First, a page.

Editor's note: This article was originally published on Becca Whitson's blog. It has been republished here with permission.
He's not who you dreamed he'd be. You'd live outdoors if you could, but he doesn't like hunting or fishing. Or being outside at all for that matter. He wants to read all the time in the comfort of his room.
She's not what you thought of when you found out you were having a daughter. You love fashion and makeup, but she wouldn't keep bows in her hair from day one. And now you can't get her to wear anything but basketball shorts and T-shirts.
Many parents feel a strain to connect with children who aren't like them. Maybe it's the same gender child, and he or she is completely opposite of you. Or maybe the opposite gender child is so far from your comfort zone, you can't figure out how to relate to them at all. When parents feel that disconnect, they often feel immense guilt. Do I love the other child more? Will I ever connect to him? Will I ever get along with her the way I want to?
First, know this is a normal parent experience. If you feel more naturally connected to one child, especially one who is similar to you, that is normal and common. You are not a bad parent. It only makes sense that it would be easier to understand and communicate with someone who thinks like you. Rest in the fact that it's a common parent experience. But it can get better. We're here to help you build that connection.
Here are three ways to connect with a child who's not like you
1. Change your mindset
This is easier said than done, we know. Start to look for the great characteristics of your child. Your child is the living, breathing handiwork of God. And He doesn't make mistakes. When He made you different from each other, it was on purpose. Try writing down three positive things about your child each day to train yourself to look for the good. Negative thinking can be overwhelming (and self-perpetuating) if we don't get it under control.
2. Let them take the lead
Maybe your child is a quiet introvert, and you thrive in large groups. If you force him into loud, social settings constantly, you're probably not going to like him much. Nor will he really enjoy you either! Letting your child lead your time together is the best way to learn who he is and see him in the best light. If you're always choosing the activities and trying to force your child into your interests, she's sure to disappoint you and frustrate you with her behavior. But when you can see her in her element, you'll start to appreciate who she really is and the beauty of how God made her.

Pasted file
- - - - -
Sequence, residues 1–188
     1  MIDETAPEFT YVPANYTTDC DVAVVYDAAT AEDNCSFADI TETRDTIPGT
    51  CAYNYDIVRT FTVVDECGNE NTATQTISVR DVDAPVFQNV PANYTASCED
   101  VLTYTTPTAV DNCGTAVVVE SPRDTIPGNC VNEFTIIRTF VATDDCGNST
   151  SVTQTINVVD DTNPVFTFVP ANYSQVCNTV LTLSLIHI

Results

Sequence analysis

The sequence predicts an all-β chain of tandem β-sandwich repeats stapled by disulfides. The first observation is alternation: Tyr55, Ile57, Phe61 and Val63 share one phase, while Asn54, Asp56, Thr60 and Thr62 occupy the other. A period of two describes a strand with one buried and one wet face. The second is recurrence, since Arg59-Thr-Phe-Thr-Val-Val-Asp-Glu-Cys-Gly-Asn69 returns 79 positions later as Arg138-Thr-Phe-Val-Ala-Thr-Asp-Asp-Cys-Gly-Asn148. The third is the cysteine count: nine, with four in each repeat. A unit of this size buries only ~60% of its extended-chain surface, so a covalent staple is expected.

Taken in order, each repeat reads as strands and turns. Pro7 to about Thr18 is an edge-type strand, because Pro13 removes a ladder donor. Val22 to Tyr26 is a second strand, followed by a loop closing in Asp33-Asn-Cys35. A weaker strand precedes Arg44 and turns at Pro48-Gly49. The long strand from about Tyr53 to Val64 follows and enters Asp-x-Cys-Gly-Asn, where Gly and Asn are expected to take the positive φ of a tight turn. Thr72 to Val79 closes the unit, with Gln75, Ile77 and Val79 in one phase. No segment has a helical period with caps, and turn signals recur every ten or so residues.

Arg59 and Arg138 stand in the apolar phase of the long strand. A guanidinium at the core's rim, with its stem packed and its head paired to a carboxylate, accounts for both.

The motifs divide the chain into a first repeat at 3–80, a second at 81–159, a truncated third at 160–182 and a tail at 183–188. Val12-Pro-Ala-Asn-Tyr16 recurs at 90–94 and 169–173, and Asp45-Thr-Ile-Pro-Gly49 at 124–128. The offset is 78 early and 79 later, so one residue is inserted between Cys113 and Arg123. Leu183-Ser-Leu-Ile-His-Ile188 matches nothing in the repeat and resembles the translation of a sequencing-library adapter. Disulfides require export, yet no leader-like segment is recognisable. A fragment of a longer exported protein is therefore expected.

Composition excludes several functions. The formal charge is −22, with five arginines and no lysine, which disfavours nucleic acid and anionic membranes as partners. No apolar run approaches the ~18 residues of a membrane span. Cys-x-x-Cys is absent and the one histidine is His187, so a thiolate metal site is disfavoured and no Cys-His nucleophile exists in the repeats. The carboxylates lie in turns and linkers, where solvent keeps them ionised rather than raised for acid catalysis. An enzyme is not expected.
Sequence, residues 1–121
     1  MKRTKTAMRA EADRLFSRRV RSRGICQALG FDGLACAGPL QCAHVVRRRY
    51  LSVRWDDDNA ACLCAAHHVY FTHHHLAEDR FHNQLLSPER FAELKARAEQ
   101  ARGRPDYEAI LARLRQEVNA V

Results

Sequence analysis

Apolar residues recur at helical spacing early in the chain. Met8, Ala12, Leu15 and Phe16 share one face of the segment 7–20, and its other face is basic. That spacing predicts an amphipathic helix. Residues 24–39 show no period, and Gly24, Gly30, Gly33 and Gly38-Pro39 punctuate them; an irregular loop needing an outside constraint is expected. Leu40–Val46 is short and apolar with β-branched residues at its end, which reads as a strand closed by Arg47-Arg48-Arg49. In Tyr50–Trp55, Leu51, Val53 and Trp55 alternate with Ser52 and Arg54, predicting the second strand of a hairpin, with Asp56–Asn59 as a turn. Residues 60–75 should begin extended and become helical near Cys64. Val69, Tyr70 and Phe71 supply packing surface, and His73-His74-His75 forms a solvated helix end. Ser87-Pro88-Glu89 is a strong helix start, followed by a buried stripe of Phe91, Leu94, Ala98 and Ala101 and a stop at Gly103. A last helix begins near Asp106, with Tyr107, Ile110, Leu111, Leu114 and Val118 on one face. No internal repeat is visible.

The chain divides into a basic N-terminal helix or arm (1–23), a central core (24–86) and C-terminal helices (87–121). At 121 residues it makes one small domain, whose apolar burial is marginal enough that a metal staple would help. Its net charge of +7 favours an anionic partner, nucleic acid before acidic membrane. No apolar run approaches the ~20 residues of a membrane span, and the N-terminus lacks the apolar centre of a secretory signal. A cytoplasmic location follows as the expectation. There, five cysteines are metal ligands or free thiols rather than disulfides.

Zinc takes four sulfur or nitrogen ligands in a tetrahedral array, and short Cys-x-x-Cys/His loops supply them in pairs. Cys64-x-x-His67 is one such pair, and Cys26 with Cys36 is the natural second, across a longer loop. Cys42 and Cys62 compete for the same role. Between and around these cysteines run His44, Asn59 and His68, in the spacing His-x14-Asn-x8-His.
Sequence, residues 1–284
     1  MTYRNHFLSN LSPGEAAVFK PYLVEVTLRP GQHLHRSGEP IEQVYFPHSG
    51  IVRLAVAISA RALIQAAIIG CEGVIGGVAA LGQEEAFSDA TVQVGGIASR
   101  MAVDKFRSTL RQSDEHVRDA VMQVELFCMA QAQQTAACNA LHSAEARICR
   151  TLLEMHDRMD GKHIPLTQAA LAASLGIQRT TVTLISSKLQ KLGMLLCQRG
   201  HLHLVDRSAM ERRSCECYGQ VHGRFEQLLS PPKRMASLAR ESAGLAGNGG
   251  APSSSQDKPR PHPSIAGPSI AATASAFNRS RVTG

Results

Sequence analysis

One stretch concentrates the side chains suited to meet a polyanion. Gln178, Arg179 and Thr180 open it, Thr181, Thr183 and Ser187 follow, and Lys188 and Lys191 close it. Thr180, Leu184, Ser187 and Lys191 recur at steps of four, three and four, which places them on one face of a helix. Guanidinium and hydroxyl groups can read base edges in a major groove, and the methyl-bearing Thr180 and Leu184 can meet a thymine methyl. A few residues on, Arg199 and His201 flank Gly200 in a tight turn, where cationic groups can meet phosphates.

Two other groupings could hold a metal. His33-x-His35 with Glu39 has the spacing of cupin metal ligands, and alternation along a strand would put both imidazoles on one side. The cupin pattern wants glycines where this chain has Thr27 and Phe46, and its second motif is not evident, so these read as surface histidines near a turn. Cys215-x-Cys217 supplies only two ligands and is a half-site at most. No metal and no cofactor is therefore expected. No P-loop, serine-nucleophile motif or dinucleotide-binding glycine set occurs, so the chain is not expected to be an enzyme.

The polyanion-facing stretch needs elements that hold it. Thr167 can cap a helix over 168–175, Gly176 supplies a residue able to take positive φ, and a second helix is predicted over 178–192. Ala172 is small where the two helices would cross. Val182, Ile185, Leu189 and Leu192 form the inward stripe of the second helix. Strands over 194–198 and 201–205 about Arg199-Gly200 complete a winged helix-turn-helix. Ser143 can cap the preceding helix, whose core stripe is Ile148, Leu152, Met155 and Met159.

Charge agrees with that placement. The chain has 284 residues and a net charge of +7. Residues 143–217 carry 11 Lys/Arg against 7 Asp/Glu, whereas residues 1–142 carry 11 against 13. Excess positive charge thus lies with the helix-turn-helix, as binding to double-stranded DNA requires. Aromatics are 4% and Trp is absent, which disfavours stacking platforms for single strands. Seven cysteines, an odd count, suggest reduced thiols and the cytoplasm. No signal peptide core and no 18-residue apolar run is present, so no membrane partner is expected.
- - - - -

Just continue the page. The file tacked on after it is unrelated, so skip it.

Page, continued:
Let your child teach you something that he loves to do. Whether your child is different from you in gender or temperament, he always has something to teach you. Maybe it's Lego Star Wars, My Little Pony, or in my case any sport at all, letting your child teach you something is helpful in many ways. Children feel pride in knowing more than their parents and can't wait to show off their knowledge. They feel incredibly special to know that a parent is interested in what they like and actually want to learn about it!
I've also been able to see which of our words have stuck with them in the past. My kids often encourage me when I'm learning using the same words I've used when I'm teaching them. The days I've spent learning to swing a baseball bat or hearing about the correct way to shoot a deer have also included some of the sweetest words from my sons as they've modeled patience and grace to me.